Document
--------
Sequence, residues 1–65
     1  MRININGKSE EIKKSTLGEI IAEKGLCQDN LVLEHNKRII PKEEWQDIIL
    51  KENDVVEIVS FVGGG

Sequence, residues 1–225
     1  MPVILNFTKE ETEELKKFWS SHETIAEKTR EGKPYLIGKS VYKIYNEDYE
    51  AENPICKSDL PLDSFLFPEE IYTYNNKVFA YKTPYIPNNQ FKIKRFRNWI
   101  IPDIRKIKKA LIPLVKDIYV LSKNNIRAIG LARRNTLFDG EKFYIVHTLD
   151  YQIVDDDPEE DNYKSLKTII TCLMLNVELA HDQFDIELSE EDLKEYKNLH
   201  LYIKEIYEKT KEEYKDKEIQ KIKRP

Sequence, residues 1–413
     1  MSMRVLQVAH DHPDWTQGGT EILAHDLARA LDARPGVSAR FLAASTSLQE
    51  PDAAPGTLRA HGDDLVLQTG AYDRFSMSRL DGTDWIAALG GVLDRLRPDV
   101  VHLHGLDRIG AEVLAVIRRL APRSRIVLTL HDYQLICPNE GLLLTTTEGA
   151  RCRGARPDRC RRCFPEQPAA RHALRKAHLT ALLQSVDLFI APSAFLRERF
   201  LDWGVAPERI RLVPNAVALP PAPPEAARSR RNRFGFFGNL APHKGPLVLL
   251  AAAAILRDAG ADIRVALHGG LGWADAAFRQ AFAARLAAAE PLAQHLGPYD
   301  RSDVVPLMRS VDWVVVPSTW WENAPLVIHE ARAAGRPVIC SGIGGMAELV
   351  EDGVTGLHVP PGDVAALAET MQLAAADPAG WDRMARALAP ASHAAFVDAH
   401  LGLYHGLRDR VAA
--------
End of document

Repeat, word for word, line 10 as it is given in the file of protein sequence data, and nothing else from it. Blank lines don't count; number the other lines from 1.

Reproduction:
Sequence, residues 1–413